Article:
You can watch the whole one hour here.

How to survive a TV debate: Cameron did an excellent job

All of which seems unjust if not plain misleading. Not normally a fan of Cameron I have to say I think he did an excellent job. He was superbly well briefed, he did not get caught out by any question, from either the correspondent Faisal Islam or the audience. I am pleased to see that I am not completely alone in my assessment. Rather begrudgingly, the Chief Political Commentator for the Independent newspaper at least, agreed with me as you can read here.

How to survive a TV debate: anticipate the tough questions

For students of the PR lesson, it is important to understand that one of the tricks of the journalist is to find a damning nugget of information and then go on and on about it. If the question hasn’t been anticipated the interviewee is left struggling to confidently and credibly answer. The problem is, of course, that there are a huge number of possible ‘damning nuggets’. Faisal Islam started with the manifesto promise from 6 years ago that net migration would be reduced to tens rather than hundreds of thousands, something that the government has failed to deliver on. He moved on to the recent promise that VAT would not rise and noted that the European Court of Justice had overruled a UK law that made solar panels VAT free, suggesting that UK government did not have sovereign control over its VAT rules. He also tried to challenge the Prime Minister with the number of times that the EU Council of Ministers had over-ruled the British government. None of these were questions the Prime Minister looked surprised by or did not have a clear response to. He dismissed the last as a ‘totally spurious figure’ before Islam could actually say it.

Once the set piece political interview was over the PM faced a studio audience. The problem with responding to a public audience is they are, by definition, very diverse and you have even less idea what is coming up. Cameron faced questions about issues as unrelated to the debate as the funding of mental health and his previous pronouncements on the new Mayor of London, Sadiq Khan. Again he had clear credible arguments to all of these questions.

How to survive a TV debate: use examples

The Prime Minister not only answered questions credibly but repeatedly landed his main message, that leaving the EU would be ‘an act of economic self harm’; he used lots of examples to back up his points. He talked about why Britain sells no beef or lamb to the US (no trade deal), how the UK’s car industry currently sells all over Europe but outside the EU it would be likely to face a 10% tariff. He also explained that it is easy now for someone from Bolton making fan belts to sell them to all 28 countries, rather than outside the EU trying to meet 27 different sets of rules.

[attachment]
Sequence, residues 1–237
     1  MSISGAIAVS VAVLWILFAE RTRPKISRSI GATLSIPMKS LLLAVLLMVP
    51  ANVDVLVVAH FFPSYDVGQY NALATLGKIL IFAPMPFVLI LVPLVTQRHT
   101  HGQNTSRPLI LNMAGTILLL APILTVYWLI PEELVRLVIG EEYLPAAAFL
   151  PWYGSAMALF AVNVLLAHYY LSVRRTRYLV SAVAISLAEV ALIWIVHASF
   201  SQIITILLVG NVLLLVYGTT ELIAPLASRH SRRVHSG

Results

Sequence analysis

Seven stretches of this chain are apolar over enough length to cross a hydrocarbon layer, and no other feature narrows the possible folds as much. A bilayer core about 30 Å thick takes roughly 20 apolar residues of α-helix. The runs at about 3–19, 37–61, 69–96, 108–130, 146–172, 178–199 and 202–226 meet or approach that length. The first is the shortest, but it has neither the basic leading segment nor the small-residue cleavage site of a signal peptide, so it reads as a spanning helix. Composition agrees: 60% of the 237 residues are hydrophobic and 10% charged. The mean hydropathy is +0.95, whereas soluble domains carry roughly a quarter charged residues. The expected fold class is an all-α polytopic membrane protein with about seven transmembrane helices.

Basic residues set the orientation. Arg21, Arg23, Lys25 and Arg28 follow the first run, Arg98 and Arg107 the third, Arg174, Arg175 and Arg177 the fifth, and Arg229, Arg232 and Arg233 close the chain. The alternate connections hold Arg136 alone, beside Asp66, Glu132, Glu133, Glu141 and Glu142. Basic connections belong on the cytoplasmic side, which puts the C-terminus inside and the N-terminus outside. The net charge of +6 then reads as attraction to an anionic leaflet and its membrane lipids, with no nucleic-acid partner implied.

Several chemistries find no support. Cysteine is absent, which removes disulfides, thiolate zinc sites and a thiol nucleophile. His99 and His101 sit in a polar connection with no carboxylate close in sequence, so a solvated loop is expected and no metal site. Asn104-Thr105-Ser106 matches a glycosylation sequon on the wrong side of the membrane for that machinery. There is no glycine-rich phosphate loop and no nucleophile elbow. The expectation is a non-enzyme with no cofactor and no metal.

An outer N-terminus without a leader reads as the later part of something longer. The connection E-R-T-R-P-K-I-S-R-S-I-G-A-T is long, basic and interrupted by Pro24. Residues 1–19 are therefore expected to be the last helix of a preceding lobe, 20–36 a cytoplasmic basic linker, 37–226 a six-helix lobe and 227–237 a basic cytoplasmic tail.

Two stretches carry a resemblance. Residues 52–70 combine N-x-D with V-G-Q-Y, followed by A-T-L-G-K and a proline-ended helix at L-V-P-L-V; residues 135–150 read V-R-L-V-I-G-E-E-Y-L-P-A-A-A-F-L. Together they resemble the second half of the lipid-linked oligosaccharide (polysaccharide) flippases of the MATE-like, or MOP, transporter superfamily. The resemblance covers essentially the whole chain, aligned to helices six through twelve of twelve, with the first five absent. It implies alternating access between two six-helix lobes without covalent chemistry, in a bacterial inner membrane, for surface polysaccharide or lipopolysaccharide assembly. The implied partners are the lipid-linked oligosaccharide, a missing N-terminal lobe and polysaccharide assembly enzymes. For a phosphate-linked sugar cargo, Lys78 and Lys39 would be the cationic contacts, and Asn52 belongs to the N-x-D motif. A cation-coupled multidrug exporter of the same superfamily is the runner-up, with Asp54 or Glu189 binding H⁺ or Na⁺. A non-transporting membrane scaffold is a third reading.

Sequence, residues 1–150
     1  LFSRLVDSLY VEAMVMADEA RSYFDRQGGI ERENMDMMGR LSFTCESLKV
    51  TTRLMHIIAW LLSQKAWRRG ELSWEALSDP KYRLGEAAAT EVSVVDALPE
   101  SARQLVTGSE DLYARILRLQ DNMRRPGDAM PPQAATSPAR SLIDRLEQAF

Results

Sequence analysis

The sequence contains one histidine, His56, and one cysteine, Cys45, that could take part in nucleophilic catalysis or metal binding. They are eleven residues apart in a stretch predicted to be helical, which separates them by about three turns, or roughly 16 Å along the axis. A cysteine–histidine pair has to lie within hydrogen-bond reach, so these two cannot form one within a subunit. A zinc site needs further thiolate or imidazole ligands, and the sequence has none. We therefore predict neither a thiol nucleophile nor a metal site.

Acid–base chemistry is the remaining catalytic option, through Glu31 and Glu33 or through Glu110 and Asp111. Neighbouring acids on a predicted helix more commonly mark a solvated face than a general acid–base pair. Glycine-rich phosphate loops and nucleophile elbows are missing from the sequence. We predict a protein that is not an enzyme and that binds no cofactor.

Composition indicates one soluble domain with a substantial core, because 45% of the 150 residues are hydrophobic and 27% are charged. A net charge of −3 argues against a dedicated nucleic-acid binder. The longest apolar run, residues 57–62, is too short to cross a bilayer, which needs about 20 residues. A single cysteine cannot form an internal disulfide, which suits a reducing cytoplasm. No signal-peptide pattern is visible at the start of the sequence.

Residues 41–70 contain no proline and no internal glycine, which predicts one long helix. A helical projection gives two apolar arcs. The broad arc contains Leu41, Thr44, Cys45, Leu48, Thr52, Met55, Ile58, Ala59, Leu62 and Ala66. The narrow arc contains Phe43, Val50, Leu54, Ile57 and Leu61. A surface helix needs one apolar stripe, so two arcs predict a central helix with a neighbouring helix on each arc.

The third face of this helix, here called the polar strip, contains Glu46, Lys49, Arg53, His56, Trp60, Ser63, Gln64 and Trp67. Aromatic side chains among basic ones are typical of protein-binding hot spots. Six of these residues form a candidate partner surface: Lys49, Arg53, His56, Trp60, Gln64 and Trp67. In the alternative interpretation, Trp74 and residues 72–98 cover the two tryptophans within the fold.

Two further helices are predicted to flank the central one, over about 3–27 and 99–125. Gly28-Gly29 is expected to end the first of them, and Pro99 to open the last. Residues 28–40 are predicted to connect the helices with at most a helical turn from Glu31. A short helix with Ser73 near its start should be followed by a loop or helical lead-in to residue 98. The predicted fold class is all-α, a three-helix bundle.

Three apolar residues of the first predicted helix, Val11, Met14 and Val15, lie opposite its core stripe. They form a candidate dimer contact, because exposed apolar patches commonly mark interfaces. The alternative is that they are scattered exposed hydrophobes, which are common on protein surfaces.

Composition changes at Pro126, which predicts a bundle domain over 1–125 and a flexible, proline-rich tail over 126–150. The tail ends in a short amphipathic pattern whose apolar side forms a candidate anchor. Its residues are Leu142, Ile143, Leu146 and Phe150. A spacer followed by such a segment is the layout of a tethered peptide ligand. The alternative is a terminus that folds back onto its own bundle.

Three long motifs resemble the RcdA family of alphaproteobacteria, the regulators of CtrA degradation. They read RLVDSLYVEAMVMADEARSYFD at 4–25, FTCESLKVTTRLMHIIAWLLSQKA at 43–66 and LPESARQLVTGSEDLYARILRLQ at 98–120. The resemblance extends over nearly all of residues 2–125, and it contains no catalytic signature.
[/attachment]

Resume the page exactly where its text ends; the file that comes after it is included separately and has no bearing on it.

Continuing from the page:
How to survive a TV debate: stay polite

When dealing with the audience he was endlessly polite. The question from the student who accused him of waffling was incoherent and much more waffly than the answer. And despite her rudeness the Prime Minister did his best to answer her.

I saw no evidence of mauling.

I do happen to agree that the missing bit from the whole Remain campaign has been an articulation of the positive vision for a better functioning EU. But this cannot be a mistake. The campaign must be polling, researching which arguments play well, and must be concluding that the positive vision piece just doesn’t work. Perhaps the EU fails in so many ways it is better to not draw attention to what it could do and could achieve.

The question remains, if the Prime Minister did such a good job why did he get negative coverage for the debate and why did it not get ‘cut through’.

The answer, I suggest, is that no one believes anything he says. This is not just Cameron’s problem. It is a problem throughout the world. Since the financial crisis of 2008 cynicism about politicians in power and anything that can be called the establishment has never been higher, at least in the countries commonly called ‘the west’. In the wider Brexit debate there is an endless call for real facts and yet every attempt to deliver serious analysis, projected numbers or explanations are dismissed as unreliable or untrue. It is difficult to see how democracy is going to adapt to this new reality.